Cambridge University Library 2012-03-02

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Arrived at Cambridge University Library promptly around 3.30. Obtained library card without difficulty--I was the only person being processed in the admissions office at the time. Got into the manuscripts room without difficulty, although there are fairly stringent requirements relating to materials that can be brought in (no stationery, no objects even in clear plastic bags, etc.), so I had to park this stuff in a locker outside the reading room, and bring in just camera, this laptop, and power cord and power supply (power cord hung from neck; power supply in pocket; laptop and camera in hand). Four volumes of the Baldwin papers were pulled for me--it appears the Baldwin papers are kept in perfect-bound volumes--and I am to be given them one volume at a time, it seems. Each individual volume seems to span multiple file references. I am simply photographing interesting material as I go along, instead of preparing file write-ups, since time for consultation is short. The main exception is a file dealing with Waterloo Bridge and a plan to remove the Charing Cross railway bridge which I am not photographing because it is a scheme-level file with no relevance to motorway design policy.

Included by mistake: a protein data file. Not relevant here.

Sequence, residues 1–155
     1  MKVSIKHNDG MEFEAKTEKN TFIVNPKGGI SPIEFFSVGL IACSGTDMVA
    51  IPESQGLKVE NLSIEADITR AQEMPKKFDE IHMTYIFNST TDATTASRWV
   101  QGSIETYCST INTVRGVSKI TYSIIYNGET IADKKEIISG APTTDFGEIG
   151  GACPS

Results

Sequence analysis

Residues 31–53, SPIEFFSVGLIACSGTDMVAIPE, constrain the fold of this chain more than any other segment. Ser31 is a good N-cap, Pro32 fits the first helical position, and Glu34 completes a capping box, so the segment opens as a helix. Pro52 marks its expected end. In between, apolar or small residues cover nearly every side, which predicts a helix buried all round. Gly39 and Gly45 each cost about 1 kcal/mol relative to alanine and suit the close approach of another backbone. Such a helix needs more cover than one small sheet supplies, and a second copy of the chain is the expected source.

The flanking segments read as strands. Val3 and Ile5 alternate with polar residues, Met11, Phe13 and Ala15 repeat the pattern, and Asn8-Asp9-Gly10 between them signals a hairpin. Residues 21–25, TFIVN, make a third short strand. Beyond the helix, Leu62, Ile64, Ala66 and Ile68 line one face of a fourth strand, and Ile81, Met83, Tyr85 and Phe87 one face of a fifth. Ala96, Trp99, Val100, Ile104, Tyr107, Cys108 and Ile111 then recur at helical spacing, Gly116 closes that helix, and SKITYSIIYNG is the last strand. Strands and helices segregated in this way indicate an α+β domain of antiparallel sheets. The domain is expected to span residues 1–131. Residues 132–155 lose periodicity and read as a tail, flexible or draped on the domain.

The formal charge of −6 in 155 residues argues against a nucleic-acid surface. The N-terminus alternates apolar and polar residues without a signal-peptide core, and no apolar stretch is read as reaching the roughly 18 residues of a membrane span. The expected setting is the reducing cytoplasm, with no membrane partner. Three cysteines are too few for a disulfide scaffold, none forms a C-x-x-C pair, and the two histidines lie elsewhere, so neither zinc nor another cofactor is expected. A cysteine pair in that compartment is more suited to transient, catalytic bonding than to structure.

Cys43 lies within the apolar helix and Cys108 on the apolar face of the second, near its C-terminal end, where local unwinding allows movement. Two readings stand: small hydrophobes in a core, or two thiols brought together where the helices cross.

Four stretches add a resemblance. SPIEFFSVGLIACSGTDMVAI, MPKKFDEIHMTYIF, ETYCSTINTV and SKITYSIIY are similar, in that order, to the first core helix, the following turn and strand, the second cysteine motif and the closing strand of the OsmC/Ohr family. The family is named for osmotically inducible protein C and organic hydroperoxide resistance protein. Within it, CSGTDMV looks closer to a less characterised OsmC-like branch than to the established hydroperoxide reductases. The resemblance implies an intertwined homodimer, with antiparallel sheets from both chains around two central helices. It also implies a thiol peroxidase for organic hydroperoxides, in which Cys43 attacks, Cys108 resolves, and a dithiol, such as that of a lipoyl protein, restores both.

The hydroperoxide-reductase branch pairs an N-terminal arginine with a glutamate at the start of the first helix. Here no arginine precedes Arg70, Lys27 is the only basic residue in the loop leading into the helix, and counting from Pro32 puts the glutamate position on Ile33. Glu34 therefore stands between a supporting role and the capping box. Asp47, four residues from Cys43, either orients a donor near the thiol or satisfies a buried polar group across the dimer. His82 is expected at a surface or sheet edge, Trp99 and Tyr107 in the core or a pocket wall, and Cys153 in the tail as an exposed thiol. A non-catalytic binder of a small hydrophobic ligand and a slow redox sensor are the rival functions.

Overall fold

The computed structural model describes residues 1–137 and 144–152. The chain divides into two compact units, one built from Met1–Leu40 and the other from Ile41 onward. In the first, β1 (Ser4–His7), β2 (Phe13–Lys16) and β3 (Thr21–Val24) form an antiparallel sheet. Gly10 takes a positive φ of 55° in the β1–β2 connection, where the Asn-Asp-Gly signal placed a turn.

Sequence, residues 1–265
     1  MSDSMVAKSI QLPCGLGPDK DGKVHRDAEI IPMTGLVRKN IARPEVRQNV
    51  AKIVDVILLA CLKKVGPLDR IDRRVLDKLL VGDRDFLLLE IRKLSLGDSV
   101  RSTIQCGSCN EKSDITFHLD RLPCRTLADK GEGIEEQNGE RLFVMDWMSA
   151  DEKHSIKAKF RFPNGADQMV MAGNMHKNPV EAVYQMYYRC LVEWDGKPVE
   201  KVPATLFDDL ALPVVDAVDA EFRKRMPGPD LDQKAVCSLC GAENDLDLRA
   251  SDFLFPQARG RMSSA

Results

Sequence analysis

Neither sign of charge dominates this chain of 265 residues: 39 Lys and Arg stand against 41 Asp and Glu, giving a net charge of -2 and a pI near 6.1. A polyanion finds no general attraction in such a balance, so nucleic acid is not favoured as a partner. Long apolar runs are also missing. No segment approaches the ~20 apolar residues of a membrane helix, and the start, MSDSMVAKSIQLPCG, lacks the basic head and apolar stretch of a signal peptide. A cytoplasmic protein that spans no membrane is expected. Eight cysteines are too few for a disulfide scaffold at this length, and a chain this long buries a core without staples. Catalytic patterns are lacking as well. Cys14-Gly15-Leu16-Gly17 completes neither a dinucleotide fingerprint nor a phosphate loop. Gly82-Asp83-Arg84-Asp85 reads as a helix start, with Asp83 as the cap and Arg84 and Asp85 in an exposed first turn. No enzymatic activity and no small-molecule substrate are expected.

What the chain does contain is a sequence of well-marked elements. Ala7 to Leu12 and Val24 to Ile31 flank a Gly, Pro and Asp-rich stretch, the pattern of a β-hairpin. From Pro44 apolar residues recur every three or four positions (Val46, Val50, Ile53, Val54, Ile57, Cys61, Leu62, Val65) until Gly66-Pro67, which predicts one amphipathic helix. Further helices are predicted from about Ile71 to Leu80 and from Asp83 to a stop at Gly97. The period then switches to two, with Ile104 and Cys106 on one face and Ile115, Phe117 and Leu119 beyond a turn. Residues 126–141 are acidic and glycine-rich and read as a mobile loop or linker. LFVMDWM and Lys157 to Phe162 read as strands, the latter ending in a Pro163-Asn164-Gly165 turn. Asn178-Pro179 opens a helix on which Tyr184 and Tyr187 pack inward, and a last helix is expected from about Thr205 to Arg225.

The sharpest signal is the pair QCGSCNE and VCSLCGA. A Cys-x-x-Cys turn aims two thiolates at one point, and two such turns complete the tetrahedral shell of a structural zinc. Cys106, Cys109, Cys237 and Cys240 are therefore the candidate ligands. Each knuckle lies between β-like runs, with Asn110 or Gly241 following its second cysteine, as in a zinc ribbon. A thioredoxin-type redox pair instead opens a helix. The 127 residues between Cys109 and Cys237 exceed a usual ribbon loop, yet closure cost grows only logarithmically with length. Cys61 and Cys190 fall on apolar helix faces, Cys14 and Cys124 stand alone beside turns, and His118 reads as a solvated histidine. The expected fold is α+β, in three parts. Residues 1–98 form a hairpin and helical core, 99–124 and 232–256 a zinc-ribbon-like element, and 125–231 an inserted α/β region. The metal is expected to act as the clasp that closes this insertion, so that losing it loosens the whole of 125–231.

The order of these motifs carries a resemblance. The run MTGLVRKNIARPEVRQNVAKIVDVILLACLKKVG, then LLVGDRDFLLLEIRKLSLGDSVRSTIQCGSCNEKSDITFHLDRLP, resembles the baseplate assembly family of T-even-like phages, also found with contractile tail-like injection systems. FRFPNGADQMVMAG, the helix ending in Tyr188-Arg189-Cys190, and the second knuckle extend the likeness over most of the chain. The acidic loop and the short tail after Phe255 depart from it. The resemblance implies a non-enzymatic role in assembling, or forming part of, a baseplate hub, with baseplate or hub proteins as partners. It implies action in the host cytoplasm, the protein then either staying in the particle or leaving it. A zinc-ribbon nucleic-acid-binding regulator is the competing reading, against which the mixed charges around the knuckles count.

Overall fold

This file concerns ministerial (including Prime Ministerial) involvement in the ongoing failure to agree and carry out necessary rehabilitations to Waterloo Bridge within the context of a plan for cross-Thames bridges involving removal of the Charing Cross railway bridge, widely considered unbearably ugly. The file includes two separate schemes for preservation and reconditioning of Waterloo Bridge, the first of which is in two parts (one part being essentially an engineering report and the second part being an appreciation of historical qualities, it seems to me). Both parts of the first are perfect-bound and professionally printed, while the second is typescript, but both are fairly extensively illustrated. This file also includes a letter to the editor ('Times') from Rees Jeffreys, urging that cross-Thames river crossings within London become the subject of a central government inquiry.